U.S. Pending Home Sales Rose 4.6% in January

    Andrew Harrer/Bloomberg via Getty Images

    WASHINGTON—The number of existing homes that went under contract in the U.S. rose strongly in January, a sign of improvement for the housing market at the start of the year.

    An index measuring pending home sales—a gauge of purchases before they become final—rose 4.6% to a seasonally adjusted reading of 103.2 in January, the National Association of Realtors said Wednesday.

    Economists surveyed by The Wall Street Journal had predicted a 0.8% increase in January’s sales. The index was down 2.3% in January from a year earlier.

    December’s reading was revised slightly lower, to 98.7 from an initial 99.0.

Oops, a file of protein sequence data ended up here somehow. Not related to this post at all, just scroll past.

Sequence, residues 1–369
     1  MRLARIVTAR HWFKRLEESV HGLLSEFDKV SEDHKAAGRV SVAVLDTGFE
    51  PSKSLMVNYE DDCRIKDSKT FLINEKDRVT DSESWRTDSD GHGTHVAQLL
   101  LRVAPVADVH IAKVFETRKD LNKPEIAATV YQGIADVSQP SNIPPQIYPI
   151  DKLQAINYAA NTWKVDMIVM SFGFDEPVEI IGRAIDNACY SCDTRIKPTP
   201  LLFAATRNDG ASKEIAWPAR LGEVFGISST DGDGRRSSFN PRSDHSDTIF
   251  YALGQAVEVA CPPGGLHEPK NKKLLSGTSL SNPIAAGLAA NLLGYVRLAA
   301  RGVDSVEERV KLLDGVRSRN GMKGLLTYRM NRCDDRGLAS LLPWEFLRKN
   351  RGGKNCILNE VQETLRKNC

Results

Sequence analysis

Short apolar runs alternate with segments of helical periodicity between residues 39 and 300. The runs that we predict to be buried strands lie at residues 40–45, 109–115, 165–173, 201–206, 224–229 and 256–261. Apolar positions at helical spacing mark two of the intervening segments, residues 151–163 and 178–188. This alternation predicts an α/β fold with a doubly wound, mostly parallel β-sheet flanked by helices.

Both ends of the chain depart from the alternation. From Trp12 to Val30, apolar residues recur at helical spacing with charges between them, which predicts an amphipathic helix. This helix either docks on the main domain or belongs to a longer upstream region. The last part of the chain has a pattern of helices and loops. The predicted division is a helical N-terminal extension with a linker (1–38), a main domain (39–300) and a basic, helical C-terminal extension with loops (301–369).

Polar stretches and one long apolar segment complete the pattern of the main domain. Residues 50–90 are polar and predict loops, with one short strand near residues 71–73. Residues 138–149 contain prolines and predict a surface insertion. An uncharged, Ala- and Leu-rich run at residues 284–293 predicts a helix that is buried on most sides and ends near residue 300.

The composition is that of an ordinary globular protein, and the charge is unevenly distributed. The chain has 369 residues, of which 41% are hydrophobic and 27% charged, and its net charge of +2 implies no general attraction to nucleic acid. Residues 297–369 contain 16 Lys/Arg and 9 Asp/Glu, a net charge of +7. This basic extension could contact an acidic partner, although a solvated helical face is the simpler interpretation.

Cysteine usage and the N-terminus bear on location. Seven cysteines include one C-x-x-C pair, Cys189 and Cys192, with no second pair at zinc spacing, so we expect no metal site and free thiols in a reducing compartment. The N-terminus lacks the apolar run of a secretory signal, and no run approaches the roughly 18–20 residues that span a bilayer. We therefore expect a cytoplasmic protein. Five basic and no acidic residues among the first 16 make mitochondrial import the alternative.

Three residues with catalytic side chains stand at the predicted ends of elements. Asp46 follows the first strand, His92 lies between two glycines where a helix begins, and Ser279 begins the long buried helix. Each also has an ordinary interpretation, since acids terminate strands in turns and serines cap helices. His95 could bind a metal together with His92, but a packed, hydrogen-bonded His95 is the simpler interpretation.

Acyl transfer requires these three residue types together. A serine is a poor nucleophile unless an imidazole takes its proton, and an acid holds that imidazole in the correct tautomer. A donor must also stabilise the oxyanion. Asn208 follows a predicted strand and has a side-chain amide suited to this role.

Pending sales offer a forecast of the housing market because they measure purchases at the time a contract is signed rather than at closing. Contracts typically take weeks to become final, and some are ultimately canceled.

    “A change in Federal Reserve policy and the reopening of the government were very beneficial to the market,” said Lawrence Yun, the trade group’s chief economist.

    He added that rising incomes, a strong labor market and steady mortgage rates should help January’s positive trend to continue.

    Still, the NAR reported earlier this month that its more closely watched index—final sales of existing homes, which measure purchases after closing—fell in January.

    News Corp, owner of The Wall Street Journal, also operates Realtor.com under license from the National Association of Realtors.

    The post U.S. Pending Home Sales Rose 4.6% in January appeared first on Real Estate News & Insights | realtor.com®.

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